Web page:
Abstract: Forest soil respiration is the sum of heterotrophic (microbes, soil fauna) and auto- trophic (root) respiration. The contribution of each group needs to be understood to evaluate implications of environmental change on soil carbon cycling and sequestration. Three primary methods have been used to distinguish hetero- versus autotrophic soil respiration including: integration of components contributing to in situ forest soil CO2 efflux (i.e., litter, roots, soil), comparison of soils with and without root exclusion, and application of stable or radioactive isotope methods. Each approach has advantages and disadvantages, but isotope based methods provide quantitative answers with the least amount of disturbance to the soil and roots. Pub- lished data from all methods indicate that root/rhizosphere respiration can account for as little as 10 percent to greater than 90 percent of total in situ soil respiration depending on vegetation type and season of the year. Studies which have integrated percent root contribution to total soil respiration throughout an entire year or growing season show mean values of 45.8 and 60.4 percent for forest and nonforest vegetation, respectively. Such average annual values must be extrapolated with caution, however, because the root contribution to total soil respiration is commonly higher during the growing season and lower during the dormant periods of the year. Abbreviations: TScer -t otal soil CO 2 efflux rate; f - fractional root contribution to TS cer; RC - root contribution to TScer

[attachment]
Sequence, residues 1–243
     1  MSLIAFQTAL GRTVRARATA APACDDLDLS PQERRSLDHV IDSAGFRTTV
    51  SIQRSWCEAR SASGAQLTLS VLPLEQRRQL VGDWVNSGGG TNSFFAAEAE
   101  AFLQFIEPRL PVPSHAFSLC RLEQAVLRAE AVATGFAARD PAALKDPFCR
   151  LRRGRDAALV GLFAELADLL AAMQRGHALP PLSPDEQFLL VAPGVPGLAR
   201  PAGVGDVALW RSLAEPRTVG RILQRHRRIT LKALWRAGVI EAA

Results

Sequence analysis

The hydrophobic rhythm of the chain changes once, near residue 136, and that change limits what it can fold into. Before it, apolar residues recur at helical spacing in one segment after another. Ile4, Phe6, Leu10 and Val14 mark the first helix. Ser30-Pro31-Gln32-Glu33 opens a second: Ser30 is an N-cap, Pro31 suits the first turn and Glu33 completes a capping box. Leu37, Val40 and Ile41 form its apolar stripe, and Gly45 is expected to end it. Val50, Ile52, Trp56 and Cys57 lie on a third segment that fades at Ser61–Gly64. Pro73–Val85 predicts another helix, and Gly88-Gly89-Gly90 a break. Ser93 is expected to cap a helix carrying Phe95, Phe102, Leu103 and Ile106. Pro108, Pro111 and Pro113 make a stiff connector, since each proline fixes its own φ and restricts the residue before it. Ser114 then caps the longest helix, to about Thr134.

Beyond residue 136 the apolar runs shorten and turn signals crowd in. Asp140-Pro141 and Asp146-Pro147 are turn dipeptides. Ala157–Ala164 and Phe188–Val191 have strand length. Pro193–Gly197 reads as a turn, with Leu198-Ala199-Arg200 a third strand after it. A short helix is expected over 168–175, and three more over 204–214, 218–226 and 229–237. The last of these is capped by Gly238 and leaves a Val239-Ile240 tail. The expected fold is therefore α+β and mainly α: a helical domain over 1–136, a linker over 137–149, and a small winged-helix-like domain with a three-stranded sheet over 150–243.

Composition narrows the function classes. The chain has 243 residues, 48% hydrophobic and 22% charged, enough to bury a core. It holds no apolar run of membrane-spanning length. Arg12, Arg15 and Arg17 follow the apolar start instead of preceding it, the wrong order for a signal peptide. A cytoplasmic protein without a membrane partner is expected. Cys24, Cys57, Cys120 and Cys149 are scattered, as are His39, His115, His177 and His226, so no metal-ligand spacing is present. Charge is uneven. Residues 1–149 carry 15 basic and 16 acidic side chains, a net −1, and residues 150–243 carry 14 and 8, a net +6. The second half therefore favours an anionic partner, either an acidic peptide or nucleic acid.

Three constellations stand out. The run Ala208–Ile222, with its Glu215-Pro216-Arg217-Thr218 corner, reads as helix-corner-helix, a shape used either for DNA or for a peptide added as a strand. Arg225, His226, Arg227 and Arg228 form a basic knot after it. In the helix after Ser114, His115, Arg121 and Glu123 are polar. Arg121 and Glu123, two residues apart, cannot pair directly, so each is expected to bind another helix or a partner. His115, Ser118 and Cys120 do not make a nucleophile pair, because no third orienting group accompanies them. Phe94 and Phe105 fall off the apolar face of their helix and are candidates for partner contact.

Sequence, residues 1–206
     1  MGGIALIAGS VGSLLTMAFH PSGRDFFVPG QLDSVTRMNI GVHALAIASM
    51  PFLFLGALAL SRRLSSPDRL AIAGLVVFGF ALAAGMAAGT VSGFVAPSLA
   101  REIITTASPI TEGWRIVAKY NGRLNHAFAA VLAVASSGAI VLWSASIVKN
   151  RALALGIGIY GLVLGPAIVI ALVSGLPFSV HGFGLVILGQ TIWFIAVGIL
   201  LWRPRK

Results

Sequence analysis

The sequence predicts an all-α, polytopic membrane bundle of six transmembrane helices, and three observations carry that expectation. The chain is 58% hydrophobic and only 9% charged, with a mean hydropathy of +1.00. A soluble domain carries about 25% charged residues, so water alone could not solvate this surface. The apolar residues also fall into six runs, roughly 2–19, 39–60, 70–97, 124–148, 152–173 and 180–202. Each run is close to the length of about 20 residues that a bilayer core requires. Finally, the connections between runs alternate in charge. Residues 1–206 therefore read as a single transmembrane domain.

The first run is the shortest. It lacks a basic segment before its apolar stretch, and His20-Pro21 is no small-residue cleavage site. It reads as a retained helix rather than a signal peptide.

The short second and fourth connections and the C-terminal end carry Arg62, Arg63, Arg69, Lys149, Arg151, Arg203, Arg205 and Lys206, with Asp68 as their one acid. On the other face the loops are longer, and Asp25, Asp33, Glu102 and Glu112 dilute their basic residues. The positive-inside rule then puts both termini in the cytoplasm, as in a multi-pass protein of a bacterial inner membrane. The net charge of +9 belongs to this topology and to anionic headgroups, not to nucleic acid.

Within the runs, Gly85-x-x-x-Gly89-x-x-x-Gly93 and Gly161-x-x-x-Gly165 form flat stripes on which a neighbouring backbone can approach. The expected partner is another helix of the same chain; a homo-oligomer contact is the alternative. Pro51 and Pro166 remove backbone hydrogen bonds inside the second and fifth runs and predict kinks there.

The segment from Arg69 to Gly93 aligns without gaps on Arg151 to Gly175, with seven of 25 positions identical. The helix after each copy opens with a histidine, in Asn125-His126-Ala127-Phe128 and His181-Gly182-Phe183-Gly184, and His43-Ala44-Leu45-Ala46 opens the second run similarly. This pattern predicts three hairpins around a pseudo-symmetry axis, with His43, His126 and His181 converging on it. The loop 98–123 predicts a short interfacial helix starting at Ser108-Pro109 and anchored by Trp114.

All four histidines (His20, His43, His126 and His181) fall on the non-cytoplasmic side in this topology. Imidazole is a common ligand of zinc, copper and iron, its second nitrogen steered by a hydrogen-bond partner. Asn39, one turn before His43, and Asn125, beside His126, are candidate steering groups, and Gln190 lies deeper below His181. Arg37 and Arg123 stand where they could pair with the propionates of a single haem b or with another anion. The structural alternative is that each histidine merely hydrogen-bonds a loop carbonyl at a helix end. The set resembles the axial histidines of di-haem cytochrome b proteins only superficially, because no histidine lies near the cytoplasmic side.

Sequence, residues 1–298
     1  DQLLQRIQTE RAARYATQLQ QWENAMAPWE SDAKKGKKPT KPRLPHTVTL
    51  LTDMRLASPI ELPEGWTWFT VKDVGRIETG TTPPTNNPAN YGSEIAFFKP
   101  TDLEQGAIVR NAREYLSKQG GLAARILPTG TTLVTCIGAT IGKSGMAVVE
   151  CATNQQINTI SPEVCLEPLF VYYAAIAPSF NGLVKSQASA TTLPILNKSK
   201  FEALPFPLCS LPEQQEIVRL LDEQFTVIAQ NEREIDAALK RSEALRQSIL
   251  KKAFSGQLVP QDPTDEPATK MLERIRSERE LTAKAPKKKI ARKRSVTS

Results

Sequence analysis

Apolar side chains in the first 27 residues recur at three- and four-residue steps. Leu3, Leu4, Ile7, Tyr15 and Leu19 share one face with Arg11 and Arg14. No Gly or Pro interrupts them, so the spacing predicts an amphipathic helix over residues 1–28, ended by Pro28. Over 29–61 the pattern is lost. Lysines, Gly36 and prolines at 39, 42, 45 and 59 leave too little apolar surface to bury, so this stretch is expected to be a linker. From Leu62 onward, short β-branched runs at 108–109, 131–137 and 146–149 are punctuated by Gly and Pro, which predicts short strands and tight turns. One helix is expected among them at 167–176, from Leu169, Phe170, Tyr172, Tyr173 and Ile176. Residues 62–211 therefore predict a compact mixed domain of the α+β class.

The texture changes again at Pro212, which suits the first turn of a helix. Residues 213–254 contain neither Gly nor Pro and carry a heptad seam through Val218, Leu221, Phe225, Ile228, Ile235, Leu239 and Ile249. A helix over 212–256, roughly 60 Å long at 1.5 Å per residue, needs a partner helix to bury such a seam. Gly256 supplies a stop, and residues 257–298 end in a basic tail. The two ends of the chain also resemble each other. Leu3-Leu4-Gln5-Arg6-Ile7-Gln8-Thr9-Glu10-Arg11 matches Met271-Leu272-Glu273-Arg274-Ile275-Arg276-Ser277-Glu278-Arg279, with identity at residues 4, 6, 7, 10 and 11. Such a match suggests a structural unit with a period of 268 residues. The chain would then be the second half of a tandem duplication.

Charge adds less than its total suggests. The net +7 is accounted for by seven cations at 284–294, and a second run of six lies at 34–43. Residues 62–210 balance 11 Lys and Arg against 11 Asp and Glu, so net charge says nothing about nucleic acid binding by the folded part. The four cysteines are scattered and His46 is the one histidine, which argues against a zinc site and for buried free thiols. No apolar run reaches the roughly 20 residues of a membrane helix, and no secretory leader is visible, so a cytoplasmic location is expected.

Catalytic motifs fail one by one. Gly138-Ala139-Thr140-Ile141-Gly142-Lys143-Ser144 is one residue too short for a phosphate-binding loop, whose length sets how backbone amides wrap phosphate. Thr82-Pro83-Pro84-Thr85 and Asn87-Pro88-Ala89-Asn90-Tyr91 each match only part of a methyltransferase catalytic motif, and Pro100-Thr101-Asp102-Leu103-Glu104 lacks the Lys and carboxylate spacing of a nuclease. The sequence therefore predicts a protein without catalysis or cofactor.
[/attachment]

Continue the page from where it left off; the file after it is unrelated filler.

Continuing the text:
TL;DR: Analysis of data from more than 30 years of observation in Europe finds that spring events, such as leaf unfolding, have advanced by 6 days, whereas autumn events have been delayed by 4.8 days, which means that the average annual growing season has lengthened by 10.8 Days since the early 1960s.
Abstract: Changes in phenology (seasonal plant and animal activity driven by environmental factors) from year to year may be a sensitive and easily observable indicator of changes in the biosphere. We have analysed data from more than 30 years of observation in Europe, and found that spring events, such as leaf unfolding, have advanced by 6 days, whereas autumn events, such as leaf colouring, have been delayed by 4.8 days. This means that the average annual growing season has lengthened by 10.8 days since the early 1960s. These shifts can be attributed to changes in air temperature.